While the idea of using dilators (pictured below) may seem daunting at first, have no fear: an EMH Physical Therapist will slowly and gently guide you through the stretching process as well as initiating and progressing dilator use at a comfortable pace.

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 GirlVaginismusPelvicPTMeme

Tips for beginning treatment:

Seek treatment early and often for best results

A pelvic physical therapist can evaluate and identify if the source of your vaginal pain is due to muscle restrictions. Make an appointment for a pelvic floor evaluation at your earliest convenience. Begin physical therapy treatment to start the healing process. In many ways, the vaginal muscles are like all othe

r muscles that you would exercise and strengthen at the gym. Commitment and dedication are key. Plan on a minimum of 2-3 times a week.

Take 5:

Take 5 minutes out of your day to focus on breathing. Lying down on your back with your knees bent, take a slow breath in, allowing your belly to expand gently on the inhale and allowing the breath to escape slowly on the exhale. Mentally focus on “melting” the vaginal muscles and allow them to unclench.

Stretch, stretch, stretch:

If you have a tendency to clench your vaginal muscles, chances are you are holding tension in many other muscles groups in your body, especially the hip, thigh and butt muscles that attach directly to the pelvis. Taking 10 minutes out of your day for a quick and easy stretching routine will go a long way in teaching your body how to begin relaxing your vaginal muscles. Don’t forget to breathe!

Some Favorite Stretches:

Figure 4, Child’s Pose and Modified Happy Baby (all pictured below)

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Cited source:

Herbenick, Debby, et al. “Pain Experienced During Vaginal and Anal Intercourse with Other‐Sex Partners: Findings from a Nationally Representative Probability Study in the United States.” The journal of sexual medicine 12.4 (2015): 1040-1051.

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Onward and Upward: Pilates Guillotine Tower

As many of you know, we recently moved up to the 9th floor to offer our patients larger treatment rooms and a tranquil, glass enclosed exercise space. In this blog, we’d like to introduce you to the latest and greatest addition to our gym, the newly acquired Pilates Tower, known by Pilates gurus as “The Guillotine”.  While the name “Guillotine Tower” may send shudders down the spine, evoking images of the historic reign of terror, the Pilates version is actually an easy-to-use, patient friendly, device designed to develop mobility, stability and strength of the hips, pelvis and spine. At EMH, we have taken “The Guillotine” to the next level, adapting basic exercises and stretches to treat the pelvic floor muscles.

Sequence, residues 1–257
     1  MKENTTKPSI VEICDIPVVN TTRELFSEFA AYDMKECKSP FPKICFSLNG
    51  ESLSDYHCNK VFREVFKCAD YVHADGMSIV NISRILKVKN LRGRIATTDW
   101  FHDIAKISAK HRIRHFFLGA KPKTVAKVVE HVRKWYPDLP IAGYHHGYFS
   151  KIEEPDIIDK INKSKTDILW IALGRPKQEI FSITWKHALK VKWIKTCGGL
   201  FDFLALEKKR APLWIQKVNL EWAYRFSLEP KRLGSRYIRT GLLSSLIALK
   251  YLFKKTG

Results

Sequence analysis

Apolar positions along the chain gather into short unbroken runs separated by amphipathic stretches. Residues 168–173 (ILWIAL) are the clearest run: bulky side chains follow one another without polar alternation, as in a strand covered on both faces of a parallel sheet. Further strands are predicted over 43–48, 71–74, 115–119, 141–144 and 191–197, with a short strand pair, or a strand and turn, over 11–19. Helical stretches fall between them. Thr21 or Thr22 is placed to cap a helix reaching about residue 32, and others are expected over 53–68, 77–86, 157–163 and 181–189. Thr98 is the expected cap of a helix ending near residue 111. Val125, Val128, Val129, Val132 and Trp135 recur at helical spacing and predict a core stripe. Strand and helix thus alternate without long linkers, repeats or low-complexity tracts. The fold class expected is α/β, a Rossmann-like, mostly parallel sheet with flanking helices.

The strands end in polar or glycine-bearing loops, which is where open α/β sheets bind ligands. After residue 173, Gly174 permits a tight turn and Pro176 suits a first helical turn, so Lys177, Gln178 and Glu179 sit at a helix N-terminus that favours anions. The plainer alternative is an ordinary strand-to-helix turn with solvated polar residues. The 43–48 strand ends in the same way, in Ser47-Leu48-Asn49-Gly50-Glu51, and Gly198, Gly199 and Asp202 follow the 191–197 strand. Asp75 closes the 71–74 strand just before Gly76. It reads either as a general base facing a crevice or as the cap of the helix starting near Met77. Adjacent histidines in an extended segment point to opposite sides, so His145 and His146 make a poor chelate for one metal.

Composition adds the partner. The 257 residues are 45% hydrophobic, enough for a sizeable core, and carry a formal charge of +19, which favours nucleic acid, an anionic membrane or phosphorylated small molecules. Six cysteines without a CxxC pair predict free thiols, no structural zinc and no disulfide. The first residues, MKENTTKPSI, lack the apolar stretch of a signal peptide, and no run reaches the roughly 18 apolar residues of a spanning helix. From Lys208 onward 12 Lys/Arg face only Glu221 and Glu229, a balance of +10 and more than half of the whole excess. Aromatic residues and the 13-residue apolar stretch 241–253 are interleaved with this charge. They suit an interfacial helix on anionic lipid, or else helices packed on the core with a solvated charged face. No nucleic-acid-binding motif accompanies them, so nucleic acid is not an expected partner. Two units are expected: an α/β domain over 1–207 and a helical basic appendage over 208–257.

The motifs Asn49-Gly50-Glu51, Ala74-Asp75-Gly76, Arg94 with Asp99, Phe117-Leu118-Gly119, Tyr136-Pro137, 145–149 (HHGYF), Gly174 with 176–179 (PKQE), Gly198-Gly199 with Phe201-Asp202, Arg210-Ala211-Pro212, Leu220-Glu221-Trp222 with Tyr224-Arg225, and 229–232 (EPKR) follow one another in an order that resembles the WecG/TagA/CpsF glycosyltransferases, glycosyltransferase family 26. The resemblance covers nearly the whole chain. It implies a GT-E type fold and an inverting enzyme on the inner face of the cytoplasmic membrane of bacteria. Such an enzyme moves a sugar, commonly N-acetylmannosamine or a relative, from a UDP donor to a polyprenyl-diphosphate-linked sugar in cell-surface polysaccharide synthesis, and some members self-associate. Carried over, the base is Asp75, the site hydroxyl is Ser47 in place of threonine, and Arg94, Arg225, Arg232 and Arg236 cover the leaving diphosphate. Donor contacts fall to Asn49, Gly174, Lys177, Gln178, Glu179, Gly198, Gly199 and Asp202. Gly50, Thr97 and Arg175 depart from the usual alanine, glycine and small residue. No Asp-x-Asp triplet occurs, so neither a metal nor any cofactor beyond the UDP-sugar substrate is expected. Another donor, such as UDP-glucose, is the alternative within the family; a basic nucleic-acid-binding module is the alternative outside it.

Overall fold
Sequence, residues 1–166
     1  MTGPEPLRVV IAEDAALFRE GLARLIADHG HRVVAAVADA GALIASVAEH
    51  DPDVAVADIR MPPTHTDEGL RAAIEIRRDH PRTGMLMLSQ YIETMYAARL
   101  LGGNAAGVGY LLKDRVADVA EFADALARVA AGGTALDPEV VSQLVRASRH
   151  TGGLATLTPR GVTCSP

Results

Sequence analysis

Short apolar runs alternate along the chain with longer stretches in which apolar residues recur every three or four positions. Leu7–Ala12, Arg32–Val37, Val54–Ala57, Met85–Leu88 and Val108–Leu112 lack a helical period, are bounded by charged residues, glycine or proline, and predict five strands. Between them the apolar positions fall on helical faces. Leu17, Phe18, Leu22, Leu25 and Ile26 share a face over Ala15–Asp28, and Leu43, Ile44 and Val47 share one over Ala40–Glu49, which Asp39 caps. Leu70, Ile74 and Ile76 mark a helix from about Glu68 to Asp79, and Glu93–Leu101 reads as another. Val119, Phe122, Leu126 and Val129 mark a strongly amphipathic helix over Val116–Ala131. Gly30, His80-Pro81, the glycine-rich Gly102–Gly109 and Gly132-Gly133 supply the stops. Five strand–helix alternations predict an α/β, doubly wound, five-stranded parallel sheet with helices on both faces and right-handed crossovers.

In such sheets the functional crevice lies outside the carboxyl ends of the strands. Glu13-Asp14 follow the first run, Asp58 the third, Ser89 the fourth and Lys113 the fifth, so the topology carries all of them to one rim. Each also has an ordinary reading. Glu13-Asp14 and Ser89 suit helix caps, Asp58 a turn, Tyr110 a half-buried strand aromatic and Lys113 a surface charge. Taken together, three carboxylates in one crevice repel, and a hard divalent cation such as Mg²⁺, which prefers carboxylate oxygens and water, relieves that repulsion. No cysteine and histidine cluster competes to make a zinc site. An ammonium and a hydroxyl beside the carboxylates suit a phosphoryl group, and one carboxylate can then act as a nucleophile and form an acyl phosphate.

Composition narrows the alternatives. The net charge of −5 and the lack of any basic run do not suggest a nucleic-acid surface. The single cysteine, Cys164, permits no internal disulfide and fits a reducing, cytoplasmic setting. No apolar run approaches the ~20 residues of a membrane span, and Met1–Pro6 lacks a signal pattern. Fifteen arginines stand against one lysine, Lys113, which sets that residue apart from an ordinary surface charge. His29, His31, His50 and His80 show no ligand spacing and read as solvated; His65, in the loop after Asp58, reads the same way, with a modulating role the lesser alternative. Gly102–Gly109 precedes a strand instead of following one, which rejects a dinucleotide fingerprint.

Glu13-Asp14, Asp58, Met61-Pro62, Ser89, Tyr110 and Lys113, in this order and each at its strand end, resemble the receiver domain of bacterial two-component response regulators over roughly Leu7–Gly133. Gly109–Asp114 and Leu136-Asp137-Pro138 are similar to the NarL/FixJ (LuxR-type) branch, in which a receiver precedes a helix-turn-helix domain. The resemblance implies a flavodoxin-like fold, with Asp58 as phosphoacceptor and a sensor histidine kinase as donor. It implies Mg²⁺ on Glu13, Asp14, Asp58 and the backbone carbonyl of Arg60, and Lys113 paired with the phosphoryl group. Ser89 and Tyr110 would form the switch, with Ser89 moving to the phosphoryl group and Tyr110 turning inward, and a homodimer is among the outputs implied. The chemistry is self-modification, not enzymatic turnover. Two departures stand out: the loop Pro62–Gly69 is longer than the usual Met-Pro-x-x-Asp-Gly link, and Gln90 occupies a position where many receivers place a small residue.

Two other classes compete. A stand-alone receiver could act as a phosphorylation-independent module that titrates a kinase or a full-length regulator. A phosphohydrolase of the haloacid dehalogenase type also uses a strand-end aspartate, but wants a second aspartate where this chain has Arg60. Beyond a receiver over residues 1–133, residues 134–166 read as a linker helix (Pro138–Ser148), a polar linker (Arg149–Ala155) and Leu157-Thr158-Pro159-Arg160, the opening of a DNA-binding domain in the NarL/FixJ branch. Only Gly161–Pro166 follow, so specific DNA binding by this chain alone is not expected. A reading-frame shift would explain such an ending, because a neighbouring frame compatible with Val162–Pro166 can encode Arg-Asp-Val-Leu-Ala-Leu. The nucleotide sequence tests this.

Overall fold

Pilates Tower

 

Guillotine Tower Benefits:

 

  • Provides incredible feedback: which makes it a great assessment tool for stability, flexibility and articulation. Patients  can easily see when they are out of alignment or overusing a dominant side because the sliding bar will move in a jerky, uneven pattern.  When the bar glides smoothly and silently,  you know you have perfected the movement.
  • Offers  accessibility: The vertical slider allows patients with limited hamstring and lower-back flexibility (you know who you are!) to experience the full benefits of stretching and strengthening exercises.
  • Supplies versatility: Spring attachments of varying tensions can be used to create assistance or increase resistance modifying exercises for all levels in both upper and lower body exercises.
  • Targets the pelvic floor: A combination of common Pilates exercises and general pelvic floor exercises have been adapted by our expert physical therapists to address overactive or weak pelvic floor muscles that may be contributing to your specific diagnosis.

 

Pilates Tower Bar Lift Pilates Tower leg and core workout

Our Therapists Working with Pilates Tower Pilates Tower Leg Lifts

Pilates Tower Bar LIft One Leg Pilates Tower Bar Lift Two Legs

Pilates Tower Flying Back Bend Pilates Tower Core Workout

 

Coccyx Pain: A Huge Pain in the Butt!

Pieter Brueghel the Younger, c. 1616

The term coccydynia was coined in 1659, but coccyx pain, or pain in the tailbone, has likely been afflicting man since the beginning of time. After all, humans have been falling on their behinds for thousands of years.

While there can be many causes of coccyx pain, this post focuses on traumatic injury localized to the coccyx bone.

 

What is a coccyx?

The coccyx is a small triangular bone that forms the very tip of the spinal column. Though it’s a remnant of the tail, it serves as a crucial attachment site for various tendons, muscles and ligaments that contribute to the pelvic floor. It also is a weight bearing structure for sitting.